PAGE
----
As Trump Prosecutor, Delegate Gets Her Say on Impeachment – NBC 5 Dallas-Fort Worth

Stacey Plaskett was unable to cast a vote last month when the House indicted former President Donald Trump. But she can help prosecute him.

The Virgin Islands non-voting delegate is one of the impeachment managers chosen by House Speaker Nancy Pelosi to argue the case that Trump instigated a deadly riot in the U.S. Capitol. It is an extraordinary moment that puts Plaskett at the center of the fourth impeachment trial against an American president.

But there will also be a familiar dynamic when Plaskett steps into the Senate Chamber, one she experienced from elementary school through to her legal career: being one of the few black women in the room. After Kamala Harris left the Senate to become Vice President, there are only two black Senators left, both male. Despite the growing variety in the house, the chamber remains predominantly white.

Like most impeachment managers, Plaskett brings considerable legal experience to the case, including stints with the Bronx law firm and as a senior attorney in the Department of Justice. She said that being asked to join the team was an invigorating way to deal with the catastrophic events of January 6, when she and her staff barricaded themselves in their office as the rioters descended on the Capitol.

“My way of dealing with things like this is to work,” Plaskett said, adding that receiving the unexpected call from Pelosi “really gave me an indictment and something to do.”

As impeachment managers, it is up to Plaskett and the rest of the Democrats to break through partisan divisions and convince skeptical Senate Republicans – 45 of whom have already voted to try to dismiss the case – to take the unprecedented move of convicting Trump and getting him out of office to exclude.

To do this, they have to recount the harrowing events of January 6th when hundreds of people, some of whom wore racist and anti-Semitic symbols on their clothing, terrorized the Capitol and forced lawmakers to go into hiding. You intend to link everything to Trump. The man they say is “uniquely responsible” for the insurrection by telling followers to “fight like hell” against the confirmation of President Joe Biden’s election victory.

Trump’s rhetoric, Plaskett said, was “an attempt to destroy what I think is America”.

As a woman of color, Plaskett says she will speak for people during the trial who “were particularly traumatized by what happened on January 6th. You know, as an African American, as a woman, who sees people storming our most sacred place of democracy, wearing anti-Semitic, racist, neo-Nazi, white supremacy logos on their bodies and doing the most hideous and hateful things. ”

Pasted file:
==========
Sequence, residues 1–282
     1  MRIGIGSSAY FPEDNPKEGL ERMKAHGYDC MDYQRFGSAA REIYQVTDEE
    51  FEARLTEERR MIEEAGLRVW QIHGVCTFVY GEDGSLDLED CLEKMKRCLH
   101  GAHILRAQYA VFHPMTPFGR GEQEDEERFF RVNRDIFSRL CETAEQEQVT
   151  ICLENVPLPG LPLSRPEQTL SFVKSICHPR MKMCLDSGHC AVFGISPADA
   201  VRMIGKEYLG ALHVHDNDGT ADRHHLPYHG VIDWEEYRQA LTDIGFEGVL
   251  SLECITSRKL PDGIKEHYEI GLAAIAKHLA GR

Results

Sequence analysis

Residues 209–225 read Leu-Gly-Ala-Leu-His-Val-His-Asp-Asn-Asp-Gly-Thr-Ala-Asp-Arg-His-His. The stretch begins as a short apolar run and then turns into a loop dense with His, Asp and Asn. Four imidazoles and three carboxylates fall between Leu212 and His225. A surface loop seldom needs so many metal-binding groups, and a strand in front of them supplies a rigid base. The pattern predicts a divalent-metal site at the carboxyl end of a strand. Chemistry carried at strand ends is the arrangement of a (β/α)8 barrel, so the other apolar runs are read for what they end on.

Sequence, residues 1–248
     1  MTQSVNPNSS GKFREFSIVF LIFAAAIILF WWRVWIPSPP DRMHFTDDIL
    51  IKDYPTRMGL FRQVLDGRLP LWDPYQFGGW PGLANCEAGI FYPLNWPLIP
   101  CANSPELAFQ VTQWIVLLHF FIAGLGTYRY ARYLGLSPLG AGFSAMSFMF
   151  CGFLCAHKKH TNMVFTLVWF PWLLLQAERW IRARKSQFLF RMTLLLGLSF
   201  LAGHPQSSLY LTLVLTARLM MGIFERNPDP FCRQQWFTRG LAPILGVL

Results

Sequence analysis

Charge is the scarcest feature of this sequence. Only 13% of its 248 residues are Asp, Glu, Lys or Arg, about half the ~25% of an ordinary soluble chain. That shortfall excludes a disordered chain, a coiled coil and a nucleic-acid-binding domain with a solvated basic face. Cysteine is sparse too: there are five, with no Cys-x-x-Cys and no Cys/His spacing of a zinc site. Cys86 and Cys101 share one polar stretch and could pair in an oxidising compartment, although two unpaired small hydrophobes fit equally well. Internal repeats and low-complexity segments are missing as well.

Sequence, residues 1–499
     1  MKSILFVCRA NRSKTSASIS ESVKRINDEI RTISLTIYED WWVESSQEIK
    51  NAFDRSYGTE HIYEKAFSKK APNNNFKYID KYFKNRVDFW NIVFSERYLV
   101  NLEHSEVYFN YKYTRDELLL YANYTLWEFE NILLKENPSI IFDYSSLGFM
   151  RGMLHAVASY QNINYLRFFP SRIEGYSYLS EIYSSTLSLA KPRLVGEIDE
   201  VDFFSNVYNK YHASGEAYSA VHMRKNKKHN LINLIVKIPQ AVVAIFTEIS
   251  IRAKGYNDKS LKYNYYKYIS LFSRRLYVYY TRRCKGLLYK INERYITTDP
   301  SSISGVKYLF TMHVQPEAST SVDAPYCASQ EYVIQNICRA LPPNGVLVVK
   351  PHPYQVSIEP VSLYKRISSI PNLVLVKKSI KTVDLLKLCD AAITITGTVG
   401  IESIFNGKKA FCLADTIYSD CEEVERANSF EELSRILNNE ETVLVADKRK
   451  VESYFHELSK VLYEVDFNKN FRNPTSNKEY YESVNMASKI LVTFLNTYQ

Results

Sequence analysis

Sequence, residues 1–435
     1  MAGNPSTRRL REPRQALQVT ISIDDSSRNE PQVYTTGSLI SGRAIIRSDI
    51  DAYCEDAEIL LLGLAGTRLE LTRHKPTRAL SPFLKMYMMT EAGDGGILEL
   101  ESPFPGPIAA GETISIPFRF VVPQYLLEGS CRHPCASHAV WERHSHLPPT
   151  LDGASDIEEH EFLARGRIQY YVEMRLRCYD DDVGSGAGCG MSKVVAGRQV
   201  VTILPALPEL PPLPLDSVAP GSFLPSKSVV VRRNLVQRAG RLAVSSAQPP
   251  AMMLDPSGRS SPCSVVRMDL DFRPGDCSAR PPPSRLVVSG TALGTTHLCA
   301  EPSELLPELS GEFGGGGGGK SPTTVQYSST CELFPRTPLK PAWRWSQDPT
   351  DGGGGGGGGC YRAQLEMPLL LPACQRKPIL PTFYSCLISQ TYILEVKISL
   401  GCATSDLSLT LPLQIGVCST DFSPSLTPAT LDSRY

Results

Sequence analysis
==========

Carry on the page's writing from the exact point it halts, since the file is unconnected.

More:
The process also gives Plaskett an opportunity to work with Rep. Jamie Raskin, D-Md., The chief impeachment manager who was one of her law professors at the American University’s Washington College of Law. She called him an “incredible man” and said his ability to “be inclusive and tease and encourage people to share” brought her back to that time.

In return, Raskin said Plaskett was “really stunning” as a law student.

“Other students took notes when she spoke, and that was amazing to me,” says Raskin. “She was quick to impress me in class as a potentially brilliant prosecutor, and I encouraged her to go down that path. I couldn’t be more proud of and adore her career, even though she is older than me and constantly teasing me about it. ”

Plaskett was born in the Bronx to parents who moved to the United States from the Virgin Islands. She started at an exclusive boarding school in Connecticut when she was 13, where she said she “had to keep raising my hand and trying to talk to non-minorities about actions and events so they could see through a lens what actually happened , racist or demonstrating their privilege. ”

Pelosi’s impeachment team is diverse – including Colorado Rep. Joe Neguse, who is also black – but Plaskett will be the first manager of an impeachment of the president from any U.S. territory.

Plaskett says that the people of the Virgin Islands – once the home of a young Alexander Hamilton – may live in a small place but don’t consider themselves small people. “We are a direct hit in everything we do,” she said.

“Virgin Islanders are always looking for space to be a part of this America and trying to do better without voting,” she said.

“I will make sure your voice and the voice of people in areas that represent four million Americans – Puerto Rico and other places – are actually heard.”

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